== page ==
Today Delta Air Lines (NYSE:DAL) reported its January operating and financial performance, which, despite the winter storms that resulted in nearly 4,000 flight cancellations -- primarily at its Atlanta hub -- showed strong gains relative to last January.
The company's passenger revenue per available seat mile (PRASM) -- which measures the revenue it received from passengers for every mile flown -- rose 5% year over year, and 4.5% after excluding for weather-related impacts. The cancellations boosted the per-seat revenue figure because the money from the remaining passengers was spread over fewer seats. Delta also saw major gains in its revenue passenger miles, which rose by 4.2% in total, including a 7.1% gain internationally, and a 2.1% gain domestically.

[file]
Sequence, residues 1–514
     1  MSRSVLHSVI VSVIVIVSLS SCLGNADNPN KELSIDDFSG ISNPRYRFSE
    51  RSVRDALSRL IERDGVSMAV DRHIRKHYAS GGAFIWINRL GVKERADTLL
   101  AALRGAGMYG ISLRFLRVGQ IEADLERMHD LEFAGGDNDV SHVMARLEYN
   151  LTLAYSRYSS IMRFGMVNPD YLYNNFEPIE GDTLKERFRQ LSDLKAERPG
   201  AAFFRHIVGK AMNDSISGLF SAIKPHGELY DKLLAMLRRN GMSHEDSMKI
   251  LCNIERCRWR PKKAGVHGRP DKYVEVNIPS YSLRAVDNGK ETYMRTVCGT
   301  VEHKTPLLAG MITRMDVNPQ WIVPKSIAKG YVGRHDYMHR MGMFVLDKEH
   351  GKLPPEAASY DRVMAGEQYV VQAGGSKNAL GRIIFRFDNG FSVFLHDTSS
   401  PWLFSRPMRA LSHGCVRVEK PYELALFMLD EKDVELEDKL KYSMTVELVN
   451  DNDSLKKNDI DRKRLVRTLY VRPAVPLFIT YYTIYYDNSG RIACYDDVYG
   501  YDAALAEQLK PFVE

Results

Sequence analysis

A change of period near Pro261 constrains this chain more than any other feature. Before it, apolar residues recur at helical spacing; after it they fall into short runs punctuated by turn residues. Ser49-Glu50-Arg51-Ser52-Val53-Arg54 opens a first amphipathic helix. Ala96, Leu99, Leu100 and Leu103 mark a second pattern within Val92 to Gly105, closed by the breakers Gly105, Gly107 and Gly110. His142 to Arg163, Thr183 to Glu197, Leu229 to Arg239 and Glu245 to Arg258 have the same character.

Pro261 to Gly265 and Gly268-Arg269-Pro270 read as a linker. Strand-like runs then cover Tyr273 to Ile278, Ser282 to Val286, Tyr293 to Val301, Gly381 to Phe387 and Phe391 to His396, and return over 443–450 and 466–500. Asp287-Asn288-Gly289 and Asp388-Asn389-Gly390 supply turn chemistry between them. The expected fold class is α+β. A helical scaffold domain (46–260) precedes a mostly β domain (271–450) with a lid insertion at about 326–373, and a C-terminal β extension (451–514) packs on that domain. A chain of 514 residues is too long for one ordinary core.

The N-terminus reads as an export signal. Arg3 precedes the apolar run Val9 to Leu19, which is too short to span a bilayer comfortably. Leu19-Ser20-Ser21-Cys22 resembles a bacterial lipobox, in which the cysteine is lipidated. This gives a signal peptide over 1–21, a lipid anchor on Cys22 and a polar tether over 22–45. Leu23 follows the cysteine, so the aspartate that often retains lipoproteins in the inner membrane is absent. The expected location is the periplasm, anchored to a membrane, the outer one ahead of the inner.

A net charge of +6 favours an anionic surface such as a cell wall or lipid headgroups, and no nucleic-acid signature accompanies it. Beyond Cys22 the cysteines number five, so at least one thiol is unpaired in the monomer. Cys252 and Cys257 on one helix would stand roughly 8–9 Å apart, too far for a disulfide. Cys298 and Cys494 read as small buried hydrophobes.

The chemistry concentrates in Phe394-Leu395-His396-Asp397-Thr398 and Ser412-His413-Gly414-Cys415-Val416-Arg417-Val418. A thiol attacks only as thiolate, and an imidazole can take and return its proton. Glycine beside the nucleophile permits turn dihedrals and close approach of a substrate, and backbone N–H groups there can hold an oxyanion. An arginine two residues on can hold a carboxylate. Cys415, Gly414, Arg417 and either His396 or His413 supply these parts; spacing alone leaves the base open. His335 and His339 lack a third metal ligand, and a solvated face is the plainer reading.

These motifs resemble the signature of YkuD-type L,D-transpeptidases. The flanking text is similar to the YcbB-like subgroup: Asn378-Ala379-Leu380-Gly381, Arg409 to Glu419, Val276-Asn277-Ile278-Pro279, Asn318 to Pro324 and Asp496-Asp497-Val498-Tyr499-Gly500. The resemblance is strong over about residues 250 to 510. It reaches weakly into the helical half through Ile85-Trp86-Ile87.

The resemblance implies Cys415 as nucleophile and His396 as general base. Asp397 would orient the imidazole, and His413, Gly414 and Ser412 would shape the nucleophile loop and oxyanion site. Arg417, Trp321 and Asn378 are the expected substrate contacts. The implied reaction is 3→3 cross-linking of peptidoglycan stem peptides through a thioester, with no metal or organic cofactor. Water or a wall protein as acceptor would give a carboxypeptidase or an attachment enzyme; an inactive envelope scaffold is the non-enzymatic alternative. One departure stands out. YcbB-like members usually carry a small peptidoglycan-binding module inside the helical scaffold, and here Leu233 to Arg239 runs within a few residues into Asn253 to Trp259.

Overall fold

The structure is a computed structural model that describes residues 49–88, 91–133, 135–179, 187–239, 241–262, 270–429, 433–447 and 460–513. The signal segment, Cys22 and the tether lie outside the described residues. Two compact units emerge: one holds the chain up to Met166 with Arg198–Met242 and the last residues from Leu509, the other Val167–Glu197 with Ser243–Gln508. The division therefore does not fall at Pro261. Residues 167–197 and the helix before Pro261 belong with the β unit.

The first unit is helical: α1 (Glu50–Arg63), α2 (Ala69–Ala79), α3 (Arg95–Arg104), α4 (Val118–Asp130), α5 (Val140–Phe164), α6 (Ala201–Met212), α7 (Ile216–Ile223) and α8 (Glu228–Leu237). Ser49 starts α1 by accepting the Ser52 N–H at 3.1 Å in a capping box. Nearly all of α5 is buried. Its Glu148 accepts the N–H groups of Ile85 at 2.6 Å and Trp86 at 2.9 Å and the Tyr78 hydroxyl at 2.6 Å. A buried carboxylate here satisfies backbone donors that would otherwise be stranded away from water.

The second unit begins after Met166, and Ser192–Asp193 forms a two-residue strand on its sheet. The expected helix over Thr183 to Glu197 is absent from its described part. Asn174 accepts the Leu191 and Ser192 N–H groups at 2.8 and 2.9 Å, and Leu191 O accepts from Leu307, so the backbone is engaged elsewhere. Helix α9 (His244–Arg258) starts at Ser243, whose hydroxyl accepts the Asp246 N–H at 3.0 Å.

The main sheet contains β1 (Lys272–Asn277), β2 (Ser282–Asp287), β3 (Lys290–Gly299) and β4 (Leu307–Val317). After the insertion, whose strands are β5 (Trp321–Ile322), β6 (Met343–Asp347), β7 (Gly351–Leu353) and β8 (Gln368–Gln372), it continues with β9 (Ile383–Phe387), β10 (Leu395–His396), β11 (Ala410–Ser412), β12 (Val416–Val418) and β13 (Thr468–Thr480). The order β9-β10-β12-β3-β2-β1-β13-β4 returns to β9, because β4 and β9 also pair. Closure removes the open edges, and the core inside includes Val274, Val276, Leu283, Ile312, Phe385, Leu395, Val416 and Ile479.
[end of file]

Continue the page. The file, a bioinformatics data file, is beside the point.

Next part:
Delta saw its load factor -- the percentage of seats filled with paying passengers -- rise by 1.8 percentage points from 79.4% in January 2013 to 81.2% in January of 2014. Like the gains seen in revenue passenger miles, this growth was seen both domestically and internationally. Domestic load factor grew from 78.2% to 80.2% and international load factor rose from 81% to 82.6%. It boarded 11.9 million passengers in January 2014, up 1.7% from a year ago.
The completion factor at Delta fell by 4.2 percentage points from 99.5% to 95.3%, and it also saw its on-time performance drop significantly to 70.2% in January of this year versus 87.4% in January of last year. Lastly the company did see its cargo ton miles dip 3.7% year over year from 175.4 million to 168.8 million.
"Delta's employees are the best in the business, and I want thank them for their hard work and dedication during a major winter weather event," concluded Delta's CEO, Richard Anderson in the press release "Despite the challenges of the weather, especially in Atlanta, Delta people remained committed to taking care of our customers."
-- Material from The Associated Press was used in this report.